People use foam to create all kinds of arts and crafts projects. Homecoming floats, replica sculptures and even building facades are made with foam. I use foam to build radio controlled airplanes. It can be a messy job cutting foam so I want to share a great technique called “HotWire” which cuts foam without making you look like the abominable snowman!
The principle is to use a very fine wire like a thin “E” guitar string and run a low electrical current through the wire. The current heats the wire hot enough to cut through foam like a hot knife through butter. I cut foam wing cores and formersections of the fuselage of my DC-3 project as well as the P-47D Thunderbolt. Using templates (pre-cut shapes) that I made.
PVC bow and stainless steel wire. Use Formica or balsa templates to cut smooth, precise pieces of foam.
I did some research online and discovered it was pretty easy to make your own! Better yet, there were step by step building instructions. I even found a great 2 part video that I used to help put mine together. Crash Hancock (Build Your Own Hot-Wire Power Supply) is the author of these step by step instruction videos. The first video discusses all of the parts necessary to build it. The second video goes into putting it all together. There is a complete parts list available at his YouTube video page under the description of the video.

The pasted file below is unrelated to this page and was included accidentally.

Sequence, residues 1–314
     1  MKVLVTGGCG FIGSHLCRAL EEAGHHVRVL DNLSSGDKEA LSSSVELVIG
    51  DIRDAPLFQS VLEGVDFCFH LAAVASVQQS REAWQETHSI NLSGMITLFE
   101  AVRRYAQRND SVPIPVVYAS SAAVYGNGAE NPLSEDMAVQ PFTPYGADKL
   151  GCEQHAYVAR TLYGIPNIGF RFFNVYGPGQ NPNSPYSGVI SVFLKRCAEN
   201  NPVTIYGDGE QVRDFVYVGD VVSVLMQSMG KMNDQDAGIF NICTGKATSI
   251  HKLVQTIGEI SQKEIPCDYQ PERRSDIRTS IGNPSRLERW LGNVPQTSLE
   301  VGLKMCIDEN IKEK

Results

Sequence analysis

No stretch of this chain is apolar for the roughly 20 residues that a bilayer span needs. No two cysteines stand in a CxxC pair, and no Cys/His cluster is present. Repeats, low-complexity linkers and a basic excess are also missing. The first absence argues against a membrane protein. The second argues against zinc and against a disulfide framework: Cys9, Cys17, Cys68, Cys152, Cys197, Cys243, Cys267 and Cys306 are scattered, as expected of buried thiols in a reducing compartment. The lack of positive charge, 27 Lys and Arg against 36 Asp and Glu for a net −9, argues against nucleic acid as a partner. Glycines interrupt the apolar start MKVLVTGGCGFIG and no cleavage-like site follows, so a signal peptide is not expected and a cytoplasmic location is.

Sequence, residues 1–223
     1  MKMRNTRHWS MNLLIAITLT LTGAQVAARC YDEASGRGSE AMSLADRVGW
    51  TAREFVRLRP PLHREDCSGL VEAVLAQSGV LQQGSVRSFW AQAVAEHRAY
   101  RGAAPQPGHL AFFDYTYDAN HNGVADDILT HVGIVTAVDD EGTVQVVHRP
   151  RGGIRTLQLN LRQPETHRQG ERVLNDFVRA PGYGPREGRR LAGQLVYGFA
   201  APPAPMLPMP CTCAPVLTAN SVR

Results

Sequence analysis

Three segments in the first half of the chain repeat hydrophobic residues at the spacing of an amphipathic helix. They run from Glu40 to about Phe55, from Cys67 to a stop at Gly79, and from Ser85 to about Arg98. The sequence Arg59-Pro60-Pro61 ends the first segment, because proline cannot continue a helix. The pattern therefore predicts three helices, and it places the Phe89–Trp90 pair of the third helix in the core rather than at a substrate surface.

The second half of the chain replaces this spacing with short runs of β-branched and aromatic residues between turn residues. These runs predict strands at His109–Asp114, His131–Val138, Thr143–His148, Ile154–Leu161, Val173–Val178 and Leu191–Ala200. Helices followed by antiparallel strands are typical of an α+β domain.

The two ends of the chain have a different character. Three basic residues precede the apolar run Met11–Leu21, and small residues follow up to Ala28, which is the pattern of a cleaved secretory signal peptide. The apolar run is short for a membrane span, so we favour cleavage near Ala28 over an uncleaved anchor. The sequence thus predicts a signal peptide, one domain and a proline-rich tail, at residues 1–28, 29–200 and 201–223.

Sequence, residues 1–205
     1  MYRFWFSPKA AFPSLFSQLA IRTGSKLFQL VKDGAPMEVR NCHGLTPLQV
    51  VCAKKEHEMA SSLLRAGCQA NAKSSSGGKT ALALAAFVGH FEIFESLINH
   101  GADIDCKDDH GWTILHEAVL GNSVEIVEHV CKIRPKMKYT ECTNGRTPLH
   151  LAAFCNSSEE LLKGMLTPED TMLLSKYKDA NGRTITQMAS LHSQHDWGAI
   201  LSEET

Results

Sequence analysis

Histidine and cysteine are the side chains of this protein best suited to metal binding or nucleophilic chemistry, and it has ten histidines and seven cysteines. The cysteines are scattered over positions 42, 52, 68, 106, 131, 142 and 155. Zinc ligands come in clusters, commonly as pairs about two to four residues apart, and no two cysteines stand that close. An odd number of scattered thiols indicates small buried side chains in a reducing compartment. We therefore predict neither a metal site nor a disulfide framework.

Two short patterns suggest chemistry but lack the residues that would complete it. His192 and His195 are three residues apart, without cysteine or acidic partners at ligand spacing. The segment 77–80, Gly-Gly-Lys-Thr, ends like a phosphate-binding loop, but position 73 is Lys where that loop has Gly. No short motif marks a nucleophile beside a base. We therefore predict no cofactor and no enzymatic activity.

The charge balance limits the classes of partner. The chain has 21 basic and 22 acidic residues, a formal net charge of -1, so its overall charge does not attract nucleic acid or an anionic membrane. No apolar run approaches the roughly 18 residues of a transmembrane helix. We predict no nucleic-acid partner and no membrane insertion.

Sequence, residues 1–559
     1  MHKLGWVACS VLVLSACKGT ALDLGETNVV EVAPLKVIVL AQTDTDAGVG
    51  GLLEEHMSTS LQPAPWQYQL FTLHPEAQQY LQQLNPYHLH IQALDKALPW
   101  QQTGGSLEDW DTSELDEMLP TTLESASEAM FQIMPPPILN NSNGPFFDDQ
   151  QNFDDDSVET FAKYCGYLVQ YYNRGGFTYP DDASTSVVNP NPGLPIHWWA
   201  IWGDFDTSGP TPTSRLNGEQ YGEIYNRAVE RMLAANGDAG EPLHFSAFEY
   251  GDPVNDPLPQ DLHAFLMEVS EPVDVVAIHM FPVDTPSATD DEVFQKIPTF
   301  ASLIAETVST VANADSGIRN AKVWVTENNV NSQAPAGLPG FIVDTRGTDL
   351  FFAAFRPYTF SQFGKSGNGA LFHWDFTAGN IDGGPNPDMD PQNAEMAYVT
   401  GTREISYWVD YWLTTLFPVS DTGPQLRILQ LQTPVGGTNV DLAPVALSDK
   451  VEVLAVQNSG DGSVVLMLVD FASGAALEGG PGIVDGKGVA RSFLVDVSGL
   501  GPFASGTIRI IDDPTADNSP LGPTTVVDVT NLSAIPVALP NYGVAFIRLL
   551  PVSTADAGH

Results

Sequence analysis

With the PVC bow assembled, it can be plugged in using these banana clips to the power supply.
Crash does a great job explaining how to make a hotwire cutter. This technique can be used to help you make foam cores for wings and even fuselage parts from templates. Whatever your favorite model scratch building techniques are, a hotwire is the tool of choice when foam is involved. For more details of how to make your own homemade hotwire foam cutting bow, watch the videow Crash Hancock made OR see the links below.
Here is an example of a part that is cut using a hotwire. I used card-stock type paper as the templates. The hotwire could then simply follow the teplate and cut an extreemly precise part as seen here. Once quick tip… The cut will only be as good as the template you provide. Make sure your tempates are smooth and strong enough for the wire to follow.
Here is a pic of the fully assembled bow. This is a 36″ wide bow, ready to cut wing cores.